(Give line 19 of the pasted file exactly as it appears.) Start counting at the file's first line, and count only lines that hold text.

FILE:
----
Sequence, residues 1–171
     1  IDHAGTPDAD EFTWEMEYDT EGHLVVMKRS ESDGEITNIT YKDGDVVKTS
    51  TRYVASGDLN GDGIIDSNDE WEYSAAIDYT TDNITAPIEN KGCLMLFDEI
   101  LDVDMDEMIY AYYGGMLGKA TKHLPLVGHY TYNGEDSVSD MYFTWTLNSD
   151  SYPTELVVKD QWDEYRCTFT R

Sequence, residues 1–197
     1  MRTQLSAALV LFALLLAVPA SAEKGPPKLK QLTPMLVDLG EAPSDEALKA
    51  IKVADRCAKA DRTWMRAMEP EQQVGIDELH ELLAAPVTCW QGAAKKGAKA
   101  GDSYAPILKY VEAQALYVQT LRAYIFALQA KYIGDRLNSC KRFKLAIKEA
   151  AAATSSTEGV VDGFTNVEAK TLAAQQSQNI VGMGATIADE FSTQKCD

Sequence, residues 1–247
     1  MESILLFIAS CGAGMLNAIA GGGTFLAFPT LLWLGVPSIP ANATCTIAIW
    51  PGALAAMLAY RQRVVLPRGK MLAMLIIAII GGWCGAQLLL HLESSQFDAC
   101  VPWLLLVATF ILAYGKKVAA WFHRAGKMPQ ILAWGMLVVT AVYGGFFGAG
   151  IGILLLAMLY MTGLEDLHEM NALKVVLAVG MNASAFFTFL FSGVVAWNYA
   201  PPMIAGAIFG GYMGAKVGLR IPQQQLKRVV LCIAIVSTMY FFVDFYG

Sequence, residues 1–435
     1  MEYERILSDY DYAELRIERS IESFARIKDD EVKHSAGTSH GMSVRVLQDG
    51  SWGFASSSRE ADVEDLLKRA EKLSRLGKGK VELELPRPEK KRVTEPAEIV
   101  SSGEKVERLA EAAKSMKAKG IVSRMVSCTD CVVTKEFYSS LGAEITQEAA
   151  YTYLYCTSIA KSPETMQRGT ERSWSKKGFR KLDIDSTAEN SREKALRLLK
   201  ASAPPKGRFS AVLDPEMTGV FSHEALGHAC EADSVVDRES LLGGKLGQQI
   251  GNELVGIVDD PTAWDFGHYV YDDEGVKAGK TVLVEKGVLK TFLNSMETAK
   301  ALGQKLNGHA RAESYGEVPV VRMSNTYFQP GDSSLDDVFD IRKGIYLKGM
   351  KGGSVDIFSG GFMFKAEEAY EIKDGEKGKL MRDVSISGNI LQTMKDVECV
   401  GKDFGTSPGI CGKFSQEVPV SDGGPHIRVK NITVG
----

    51  SWGFASSSRE ADVEDLLKRA EKLSRLGKGK VELELPRPEK KRVTEPAEIV